Friday, October 15, 2010

Classic science fiction books that were thought to be failures

Two days ago, posted this list of classic science fiction books that took a while to build a readership.  Among the titles were a few of my favorites, namely...

Do Androids Dream of Electric Sheep? by Philip K. Dick.  This would later become the basis for Blade Runner.
Triplanetary by E.E. "Doc" Smith.  The space opera that kicked off the Lensmen saga that would later inspire the creation of both Green Lantern and in part the Star Wars universe.
Brave New World by Aldus Huxley.  Sold ok in Britain, but went on to become one of the most banned books there for a while in the U.S.  You mock capitalism?  How dare you!
Lord of the Rings by J.R.R. Tolkien.  The fantasy saga that...well you know it well enough by now.
So what are both readers and writers of SF supposed to take away from this?  That people were once unready to accept any science fiction that wasn't from Isaac Asimov?  Perhaps so.  But I believe it demonstrates that age old struggle of art versus commerce.  The writer wants to a powerful book with well-crafted sentences and deep meaning.  The publisher wants a book that will sell.  Those two aren't always the same things, but this list underscores something that William Goldman, ace screenwriter, once said about Hollywood in his book Adventures in the Screen Trade: "Nobody knows anything."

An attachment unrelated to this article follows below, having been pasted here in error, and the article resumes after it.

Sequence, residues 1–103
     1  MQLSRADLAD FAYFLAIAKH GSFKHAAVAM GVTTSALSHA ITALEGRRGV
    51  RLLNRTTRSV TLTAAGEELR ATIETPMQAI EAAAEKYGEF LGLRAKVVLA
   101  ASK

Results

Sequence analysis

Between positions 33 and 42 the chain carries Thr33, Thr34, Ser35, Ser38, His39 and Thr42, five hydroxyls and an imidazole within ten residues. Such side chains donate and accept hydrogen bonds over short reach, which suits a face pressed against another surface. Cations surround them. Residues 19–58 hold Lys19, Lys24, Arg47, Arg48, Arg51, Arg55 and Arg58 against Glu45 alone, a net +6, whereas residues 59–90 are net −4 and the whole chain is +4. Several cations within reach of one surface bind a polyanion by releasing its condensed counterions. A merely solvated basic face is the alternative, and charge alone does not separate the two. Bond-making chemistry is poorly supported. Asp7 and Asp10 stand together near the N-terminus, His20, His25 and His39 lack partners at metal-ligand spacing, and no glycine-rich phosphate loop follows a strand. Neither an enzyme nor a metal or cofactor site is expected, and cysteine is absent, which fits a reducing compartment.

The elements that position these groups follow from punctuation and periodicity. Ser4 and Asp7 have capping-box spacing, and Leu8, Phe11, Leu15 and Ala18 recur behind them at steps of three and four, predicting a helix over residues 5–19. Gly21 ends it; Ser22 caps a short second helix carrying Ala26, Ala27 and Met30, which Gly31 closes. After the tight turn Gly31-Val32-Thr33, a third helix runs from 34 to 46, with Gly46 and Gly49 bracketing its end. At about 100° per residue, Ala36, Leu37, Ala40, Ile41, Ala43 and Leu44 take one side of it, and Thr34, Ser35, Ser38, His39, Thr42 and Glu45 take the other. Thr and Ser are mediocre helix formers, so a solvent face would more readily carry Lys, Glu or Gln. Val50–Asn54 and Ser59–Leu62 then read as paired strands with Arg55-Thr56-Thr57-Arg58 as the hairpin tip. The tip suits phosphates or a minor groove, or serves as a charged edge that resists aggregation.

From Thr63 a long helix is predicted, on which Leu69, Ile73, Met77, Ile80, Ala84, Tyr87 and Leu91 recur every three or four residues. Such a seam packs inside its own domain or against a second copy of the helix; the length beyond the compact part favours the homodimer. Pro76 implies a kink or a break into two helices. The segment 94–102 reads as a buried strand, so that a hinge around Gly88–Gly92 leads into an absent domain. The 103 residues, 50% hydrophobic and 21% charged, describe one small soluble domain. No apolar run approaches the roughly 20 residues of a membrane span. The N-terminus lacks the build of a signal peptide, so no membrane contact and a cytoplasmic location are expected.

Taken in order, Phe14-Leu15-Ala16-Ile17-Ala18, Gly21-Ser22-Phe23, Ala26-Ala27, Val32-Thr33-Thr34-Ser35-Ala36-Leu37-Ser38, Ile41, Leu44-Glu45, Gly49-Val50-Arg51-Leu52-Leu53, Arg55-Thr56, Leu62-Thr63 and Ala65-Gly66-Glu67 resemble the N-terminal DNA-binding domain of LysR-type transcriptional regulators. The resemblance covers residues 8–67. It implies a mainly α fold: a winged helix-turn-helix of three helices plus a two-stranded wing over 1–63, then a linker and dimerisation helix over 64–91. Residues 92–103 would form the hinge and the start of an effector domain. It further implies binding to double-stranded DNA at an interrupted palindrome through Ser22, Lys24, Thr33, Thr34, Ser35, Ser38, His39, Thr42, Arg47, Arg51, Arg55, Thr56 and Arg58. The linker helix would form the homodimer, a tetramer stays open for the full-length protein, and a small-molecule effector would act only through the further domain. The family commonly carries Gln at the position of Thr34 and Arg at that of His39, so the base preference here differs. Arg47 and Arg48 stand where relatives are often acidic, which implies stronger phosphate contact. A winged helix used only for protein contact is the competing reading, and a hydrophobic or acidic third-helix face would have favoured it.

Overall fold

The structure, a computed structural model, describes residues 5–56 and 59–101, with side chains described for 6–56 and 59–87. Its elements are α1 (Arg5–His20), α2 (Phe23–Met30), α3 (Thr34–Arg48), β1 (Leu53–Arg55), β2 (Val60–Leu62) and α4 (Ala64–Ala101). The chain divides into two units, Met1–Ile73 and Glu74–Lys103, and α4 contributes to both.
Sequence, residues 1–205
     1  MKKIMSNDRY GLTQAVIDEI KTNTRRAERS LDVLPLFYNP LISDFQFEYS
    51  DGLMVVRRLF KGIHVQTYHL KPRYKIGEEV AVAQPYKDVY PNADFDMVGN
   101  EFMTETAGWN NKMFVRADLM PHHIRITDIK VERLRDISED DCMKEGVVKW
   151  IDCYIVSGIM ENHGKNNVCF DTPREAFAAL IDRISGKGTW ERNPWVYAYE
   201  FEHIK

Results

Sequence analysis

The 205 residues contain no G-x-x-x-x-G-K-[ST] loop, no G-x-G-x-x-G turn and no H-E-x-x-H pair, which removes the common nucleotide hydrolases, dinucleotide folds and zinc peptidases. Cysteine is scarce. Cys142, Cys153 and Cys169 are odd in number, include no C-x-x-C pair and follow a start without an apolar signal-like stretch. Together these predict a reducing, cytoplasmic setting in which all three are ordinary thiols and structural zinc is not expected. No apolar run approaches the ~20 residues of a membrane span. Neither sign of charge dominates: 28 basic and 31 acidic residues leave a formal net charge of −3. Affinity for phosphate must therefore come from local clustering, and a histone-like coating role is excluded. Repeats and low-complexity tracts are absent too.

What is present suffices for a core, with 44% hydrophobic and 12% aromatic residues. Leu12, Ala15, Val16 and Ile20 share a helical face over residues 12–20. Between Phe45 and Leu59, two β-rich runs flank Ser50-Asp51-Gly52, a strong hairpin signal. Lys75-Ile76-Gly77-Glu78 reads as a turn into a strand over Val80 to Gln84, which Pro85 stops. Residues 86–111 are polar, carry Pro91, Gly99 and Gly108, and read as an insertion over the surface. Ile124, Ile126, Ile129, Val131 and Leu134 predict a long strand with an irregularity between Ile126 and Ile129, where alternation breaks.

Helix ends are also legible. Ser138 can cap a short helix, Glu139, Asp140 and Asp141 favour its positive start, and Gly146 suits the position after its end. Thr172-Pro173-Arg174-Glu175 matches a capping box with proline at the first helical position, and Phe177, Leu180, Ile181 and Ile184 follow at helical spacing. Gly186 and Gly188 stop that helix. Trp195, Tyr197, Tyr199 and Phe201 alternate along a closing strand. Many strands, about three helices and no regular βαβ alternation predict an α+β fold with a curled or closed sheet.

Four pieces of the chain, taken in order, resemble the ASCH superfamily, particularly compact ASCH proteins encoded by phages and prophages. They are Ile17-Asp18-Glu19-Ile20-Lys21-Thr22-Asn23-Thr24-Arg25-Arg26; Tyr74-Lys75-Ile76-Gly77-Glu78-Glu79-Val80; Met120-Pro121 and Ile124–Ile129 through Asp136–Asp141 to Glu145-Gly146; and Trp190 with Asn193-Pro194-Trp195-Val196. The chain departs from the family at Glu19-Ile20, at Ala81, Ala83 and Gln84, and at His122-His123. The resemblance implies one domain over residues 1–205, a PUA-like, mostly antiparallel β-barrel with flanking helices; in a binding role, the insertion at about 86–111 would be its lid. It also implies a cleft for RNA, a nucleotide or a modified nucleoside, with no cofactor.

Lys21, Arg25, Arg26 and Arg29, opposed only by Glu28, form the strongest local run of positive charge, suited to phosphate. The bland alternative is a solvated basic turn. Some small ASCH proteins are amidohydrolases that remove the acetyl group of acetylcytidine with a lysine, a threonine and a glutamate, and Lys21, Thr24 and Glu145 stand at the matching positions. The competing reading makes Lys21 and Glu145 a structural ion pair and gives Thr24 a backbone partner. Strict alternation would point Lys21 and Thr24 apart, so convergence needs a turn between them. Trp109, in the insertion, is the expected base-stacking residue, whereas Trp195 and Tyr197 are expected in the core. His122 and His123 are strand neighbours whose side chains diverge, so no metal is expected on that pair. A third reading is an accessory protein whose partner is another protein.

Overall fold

Nobody can know a hit when they see it every time.  Do you know how many people passed on Jaws?  Do you know how many film execs were fired for passing on Star Wars?  A lot.  But that's just it.  Greatness is seldom glimpsed at first blush and the above mentioned books are prime examples of that.

In today's science fiction market, there is both good and bad news.  The good news is that SF is selling and it is one of the largest sections of your local Borders or Barnes and Noble.  The bad news is that most of it is media tie-ins: Star Wars, Star Trek, Battlestar Galactic, Stargate, basically book versions for any TV, movie, or video game of the genre.  There is little room for original work unless you are already an author with established stature.  Still, the same could be said for the majority of the publishing world I suppose.  
Yes, the colossal amount of these media tie-in books is enough to make one rather queasy.  It's akin to gazing down an endless acreage of PCs.  Sure they're serviceable, but a choice would be nice. There is a small upside.  People who read these books might, just might, then be encouraged to branch out and try other SF.  Maybe they'll discover Dune or another more contemporary book to their tastes.  After all, if I hadn't seen movies such as Star Wars as a kid, it's doubtful I would have gotten into the whole genre and gone on to read Asimov and William Gibson and so on.  Similarly, reading science fiction gave me impetus to research science fact, to learn the scientific principles behind the stories.  I might never have gained my lifelong interest in science without science fiction.
Is there a point to this?  I'm no longer certain, unless it is perhaps "give an odd book a chance."

Follow me on Twitter: @Jntweets

No comments:

Post a Comment

Note: Only a member of this blog may post a comment.